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Aviation-Centered Mergers and Acquisition in South Korea Slow to a Halt

An Asiana A380 in Seoul (Photo: AirlineGeeks | Ben Suskind)

With COVID-19 raging throughout the world, the aviation industry has experienced its longest battle in decades. In South Korea, mergers and acquisitions have halted since the pandemic began, a development that has proven particularly impactful for the aviation industry and those looking to take part in it.

HDC Hyundai Development Company (HDC) inked a deal to acquire a nearly 31% stake in Asiana Airlines from Kumho Asiana Group in December, a transaction that was expected to complete by Jun 27. Earlier this month, Korea Development Bank, the creditor of Asiana Airlines, has urged HDC to complete the deal.

The weakened travel demand amid the pandemic has pushed Asiana into heavy debt. As of May, HDC revealed the debt of Asiana increased by $3.76 billion and that the airline’s debt ratio in the first quarter of the year was 6,280%. But the airline rejected HDC’s announcement.

HDC has renegotiated with Asiana’s creditors. According to the local media, HDC described the virus as a “never expected and very negative factor” and the debts of the airline are “damaging the acquisition value of the carrier,” meaning renegotiation of the deal is necessary for its success.

HDC and Kumho Asiana Group have agreed to extend the transaction deadline for six months. And while the future of the airline remains unclear, Asiana Airlines announced that it will increase its frequencies to Los Angeles, San Francisco, Frankfurt and Hong Kong. In addition, Asiana has resumed flight operations to London, Paris, Istanbul and Osaka, Japan.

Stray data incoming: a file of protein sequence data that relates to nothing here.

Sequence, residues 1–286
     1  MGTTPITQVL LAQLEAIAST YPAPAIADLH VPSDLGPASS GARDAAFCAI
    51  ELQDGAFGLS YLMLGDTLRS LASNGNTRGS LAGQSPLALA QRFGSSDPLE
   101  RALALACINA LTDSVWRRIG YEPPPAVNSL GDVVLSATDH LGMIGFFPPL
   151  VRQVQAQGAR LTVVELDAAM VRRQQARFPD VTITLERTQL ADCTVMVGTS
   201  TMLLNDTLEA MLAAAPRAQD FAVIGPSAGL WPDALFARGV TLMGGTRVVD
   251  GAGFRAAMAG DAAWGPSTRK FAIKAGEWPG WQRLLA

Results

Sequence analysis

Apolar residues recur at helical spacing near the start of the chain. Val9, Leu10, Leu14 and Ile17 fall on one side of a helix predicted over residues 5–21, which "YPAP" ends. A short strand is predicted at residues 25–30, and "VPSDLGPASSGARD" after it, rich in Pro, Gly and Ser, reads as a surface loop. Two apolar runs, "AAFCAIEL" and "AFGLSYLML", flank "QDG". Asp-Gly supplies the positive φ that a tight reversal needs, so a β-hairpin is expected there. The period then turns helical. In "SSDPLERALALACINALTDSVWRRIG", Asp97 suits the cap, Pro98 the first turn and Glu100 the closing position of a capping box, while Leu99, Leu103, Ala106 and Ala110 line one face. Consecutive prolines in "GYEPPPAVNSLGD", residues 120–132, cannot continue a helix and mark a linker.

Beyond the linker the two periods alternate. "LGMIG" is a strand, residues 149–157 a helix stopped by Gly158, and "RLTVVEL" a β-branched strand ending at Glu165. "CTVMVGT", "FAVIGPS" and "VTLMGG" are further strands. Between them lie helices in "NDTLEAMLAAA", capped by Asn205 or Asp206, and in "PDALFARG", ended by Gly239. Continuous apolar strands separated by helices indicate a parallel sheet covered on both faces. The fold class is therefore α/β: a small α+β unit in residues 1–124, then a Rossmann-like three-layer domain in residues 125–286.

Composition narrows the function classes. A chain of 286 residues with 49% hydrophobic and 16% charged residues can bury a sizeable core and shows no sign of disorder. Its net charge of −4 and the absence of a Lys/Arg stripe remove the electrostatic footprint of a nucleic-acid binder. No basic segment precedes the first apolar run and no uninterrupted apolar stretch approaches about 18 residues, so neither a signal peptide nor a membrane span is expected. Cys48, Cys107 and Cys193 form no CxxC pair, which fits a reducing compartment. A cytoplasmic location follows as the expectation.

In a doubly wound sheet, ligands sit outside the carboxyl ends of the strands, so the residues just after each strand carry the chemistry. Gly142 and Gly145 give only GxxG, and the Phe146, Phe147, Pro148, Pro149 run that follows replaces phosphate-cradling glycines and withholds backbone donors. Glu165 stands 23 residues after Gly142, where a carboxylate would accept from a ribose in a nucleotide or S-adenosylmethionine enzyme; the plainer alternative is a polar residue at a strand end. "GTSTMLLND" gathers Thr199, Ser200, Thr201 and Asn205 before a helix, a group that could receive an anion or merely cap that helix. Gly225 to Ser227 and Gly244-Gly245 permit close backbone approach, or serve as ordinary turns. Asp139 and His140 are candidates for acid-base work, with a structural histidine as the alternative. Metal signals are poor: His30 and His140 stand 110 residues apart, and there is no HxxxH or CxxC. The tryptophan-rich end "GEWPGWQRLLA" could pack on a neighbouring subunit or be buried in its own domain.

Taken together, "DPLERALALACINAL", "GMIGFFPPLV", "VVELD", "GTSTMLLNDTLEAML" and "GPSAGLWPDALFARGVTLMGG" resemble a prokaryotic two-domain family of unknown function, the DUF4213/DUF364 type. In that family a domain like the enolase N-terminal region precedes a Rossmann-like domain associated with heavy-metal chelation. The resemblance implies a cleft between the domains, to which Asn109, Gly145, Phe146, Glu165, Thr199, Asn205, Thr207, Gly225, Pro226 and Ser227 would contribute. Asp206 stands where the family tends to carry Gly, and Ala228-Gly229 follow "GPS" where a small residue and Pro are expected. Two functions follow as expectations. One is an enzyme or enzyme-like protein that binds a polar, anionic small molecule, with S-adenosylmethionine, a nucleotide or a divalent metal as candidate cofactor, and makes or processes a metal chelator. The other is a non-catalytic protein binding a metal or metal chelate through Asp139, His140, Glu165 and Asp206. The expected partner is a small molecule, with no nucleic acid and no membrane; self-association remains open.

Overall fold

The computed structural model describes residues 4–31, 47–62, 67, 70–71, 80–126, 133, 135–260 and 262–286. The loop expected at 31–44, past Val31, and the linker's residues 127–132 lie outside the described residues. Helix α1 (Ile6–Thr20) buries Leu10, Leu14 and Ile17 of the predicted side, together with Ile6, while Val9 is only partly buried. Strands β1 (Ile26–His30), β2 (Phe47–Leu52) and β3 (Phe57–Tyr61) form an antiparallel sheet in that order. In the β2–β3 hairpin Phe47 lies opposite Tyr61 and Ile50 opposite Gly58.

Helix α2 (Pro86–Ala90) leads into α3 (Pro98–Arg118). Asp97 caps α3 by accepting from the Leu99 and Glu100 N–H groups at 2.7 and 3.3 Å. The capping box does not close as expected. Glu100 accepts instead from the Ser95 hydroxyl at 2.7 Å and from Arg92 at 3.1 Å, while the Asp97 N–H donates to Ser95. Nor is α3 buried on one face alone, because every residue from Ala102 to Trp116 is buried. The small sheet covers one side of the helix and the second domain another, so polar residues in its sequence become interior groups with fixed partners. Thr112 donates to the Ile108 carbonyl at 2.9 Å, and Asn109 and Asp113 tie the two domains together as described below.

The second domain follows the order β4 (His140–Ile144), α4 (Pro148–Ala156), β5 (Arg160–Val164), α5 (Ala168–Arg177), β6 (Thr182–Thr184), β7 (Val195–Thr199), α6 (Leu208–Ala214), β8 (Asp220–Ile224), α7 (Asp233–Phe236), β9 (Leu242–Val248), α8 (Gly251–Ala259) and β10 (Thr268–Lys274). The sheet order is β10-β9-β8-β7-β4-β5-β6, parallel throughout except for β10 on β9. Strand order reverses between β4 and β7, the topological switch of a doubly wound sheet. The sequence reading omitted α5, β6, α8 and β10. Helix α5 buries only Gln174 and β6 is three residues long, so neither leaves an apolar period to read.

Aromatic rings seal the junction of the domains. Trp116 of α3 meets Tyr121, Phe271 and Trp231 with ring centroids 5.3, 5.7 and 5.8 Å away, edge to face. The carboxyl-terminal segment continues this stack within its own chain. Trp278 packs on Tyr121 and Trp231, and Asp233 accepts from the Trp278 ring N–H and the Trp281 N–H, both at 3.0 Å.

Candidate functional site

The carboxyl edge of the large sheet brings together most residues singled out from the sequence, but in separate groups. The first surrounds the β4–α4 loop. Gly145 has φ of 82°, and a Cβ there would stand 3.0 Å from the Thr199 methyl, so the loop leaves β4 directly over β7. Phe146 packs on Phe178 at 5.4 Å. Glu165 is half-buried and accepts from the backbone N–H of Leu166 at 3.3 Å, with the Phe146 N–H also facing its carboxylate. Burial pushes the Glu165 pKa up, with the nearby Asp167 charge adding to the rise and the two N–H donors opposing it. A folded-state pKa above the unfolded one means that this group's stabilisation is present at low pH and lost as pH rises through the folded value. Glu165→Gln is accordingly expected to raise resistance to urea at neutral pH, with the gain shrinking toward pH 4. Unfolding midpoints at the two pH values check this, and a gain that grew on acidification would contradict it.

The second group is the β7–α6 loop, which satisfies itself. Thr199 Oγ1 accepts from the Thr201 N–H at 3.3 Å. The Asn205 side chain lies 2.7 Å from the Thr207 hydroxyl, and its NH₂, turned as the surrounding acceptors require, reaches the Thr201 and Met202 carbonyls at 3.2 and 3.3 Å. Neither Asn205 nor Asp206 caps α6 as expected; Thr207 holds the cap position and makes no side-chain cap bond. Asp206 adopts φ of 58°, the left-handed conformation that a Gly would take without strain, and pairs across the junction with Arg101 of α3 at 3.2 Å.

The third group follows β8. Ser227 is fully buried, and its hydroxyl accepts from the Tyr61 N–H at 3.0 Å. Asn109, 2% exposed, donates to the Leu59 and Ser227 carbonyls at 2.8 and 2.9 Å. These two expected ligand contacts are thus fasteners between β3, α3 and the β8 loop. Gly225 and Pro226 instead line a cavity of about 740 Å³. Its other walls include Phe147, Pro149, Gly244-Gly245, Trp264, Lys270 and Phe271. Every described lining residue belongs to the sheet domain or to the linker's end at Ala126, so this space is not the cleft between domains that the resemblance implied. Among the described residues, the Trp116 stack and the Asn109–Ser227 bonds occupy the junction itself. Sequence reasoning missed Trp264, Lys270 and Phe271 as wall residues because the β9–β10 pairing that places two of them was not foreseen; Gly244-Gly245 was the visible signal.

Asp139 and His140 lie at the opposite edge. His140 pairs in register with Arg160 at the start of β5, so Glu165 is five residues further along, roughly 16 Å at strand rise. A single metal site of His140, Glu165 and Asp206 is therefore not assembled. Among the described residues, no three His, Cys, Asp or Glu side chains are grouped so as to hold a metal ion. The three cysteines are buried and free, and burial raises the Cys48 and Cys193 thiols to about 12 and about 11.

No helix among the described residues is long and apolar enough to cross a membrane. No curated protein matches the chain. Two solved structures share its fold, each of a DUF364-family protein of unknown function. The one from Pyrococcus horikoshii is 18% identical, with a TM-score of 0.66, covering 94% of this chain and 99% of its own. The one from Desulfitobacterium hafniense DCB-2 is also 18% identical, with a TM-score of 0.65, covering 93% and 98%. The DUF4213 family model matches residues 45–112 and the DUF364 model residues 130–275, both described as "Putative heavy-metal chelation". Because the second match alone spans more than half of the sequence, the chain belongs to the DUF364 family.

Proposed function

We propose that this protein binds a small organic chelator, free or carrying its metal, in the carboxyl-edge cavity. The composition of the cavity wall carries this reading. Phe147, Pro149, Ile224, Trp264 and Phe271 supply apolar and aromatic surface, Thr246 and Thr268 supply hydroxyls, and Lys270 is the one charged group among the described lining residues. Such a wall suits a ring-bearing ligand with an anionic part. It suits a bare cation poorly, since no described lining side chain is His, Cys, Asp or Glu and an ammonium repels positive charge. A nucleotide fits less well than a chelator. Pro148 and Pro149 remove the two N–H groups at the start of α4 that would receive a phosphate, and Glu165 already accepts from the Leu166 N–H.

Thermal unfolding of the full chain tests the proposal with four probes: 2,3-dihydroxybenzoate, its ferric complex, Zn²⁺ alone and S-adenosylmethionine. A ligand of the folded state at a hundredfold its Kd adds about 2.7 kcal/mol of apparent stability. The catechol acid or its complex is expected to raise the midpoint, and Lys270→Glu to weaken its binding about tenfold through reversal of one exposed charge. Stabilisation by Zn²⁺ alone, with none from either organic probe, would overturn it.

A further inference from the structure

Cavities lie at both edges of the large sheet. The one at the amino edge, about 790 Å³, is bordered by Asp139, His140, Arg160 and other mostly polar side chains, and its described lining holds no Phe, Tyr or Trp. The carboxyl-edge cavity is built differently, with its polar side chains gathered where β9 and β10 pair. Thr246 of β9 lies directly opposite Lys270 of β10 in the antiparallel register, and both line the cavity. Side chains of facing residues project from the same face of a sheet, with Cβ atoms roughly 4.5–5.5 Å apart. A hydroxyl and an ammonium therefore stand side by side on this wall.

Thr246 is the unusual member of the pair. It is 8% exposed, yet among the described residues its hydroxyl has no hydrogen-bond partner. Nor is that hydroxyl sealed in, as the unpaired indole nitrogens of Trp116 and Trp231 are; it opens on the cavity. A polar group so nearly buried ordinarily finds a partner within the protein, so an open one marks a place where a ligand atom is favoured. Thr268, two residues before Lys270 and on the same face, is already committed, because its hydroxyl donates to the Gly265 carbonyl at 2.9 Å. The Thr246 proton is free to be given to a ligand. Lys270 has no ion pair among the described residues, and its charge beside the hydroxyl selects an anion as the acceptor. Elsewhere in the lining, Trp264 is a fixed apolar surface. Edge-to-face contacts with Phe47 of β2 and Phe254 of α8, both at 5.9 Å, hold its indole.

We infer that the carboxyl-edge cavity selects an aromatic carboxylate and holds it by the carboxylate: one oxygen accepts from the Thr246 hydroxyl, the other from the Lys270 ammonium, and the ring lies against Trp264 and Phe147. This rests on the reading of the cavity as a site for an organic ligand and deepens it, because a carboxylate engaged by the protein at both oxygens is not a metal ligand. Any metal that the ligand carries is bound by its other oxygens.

As a result of COVID-19, Eastar Jet, the Seoul-headquartered low-cost carrier, is also facing the same problem as Asiana. Jeju Air had already signed a deal to acquire a 51% stake in Eastar Jet in March. According to local media, Jeju Air has promised it would pay salaries of Eastar Jet employees, but Jeju Air made a u-turn on this issue in May. Jeju Air denied the criticism and said Eastar Jet’s management has delayed payments to its subcontracted companies and oil refiners.

Jong-Gu Choi, CEO of Eastar Jet, has urged Jeju Air to complete the deal.

“We agree we are to be primarily blamed for the difficulties of Eastar Jet, but Jeju Air also can’t be free from all responsibility,” Choi said in a prepared statement. Meanwhile, Eastar Jet couldn’t benefit from the Korean Government’s bailout package because the acquisition is still underway.

Sang-Jik Lee, the founder of Eastar Jet, and his family will “donate” their shares, worth $34.2 million, to save the cash-strapped airline. Eastar Jet has not paid any salaries since February and temporarily ceased operations in March. The unpaid salaries are estimated to total around $20.8 million.

In response to the “shares donation”, Kyung-Ho Choo, the secretary general of Eastar Jet pilot union, denied that it was a donation. According to Choo, Jeju Air lent $8.3 million to Eastar Jet in December and the due date was Jun 26., meaning the shares owned by Lee are collateral for the loan.

While acquisitions, both big and small, of stakes in South Korean airlines have all but stopped, there is hope that the coming months will bring a renewed vigor to the market. As airlines begin to restart routes and can once again prove their viability in what has quickly emerged as a new age of air travel, the possibility remains of a return to normality in the months ahead.

Pete Ainsley


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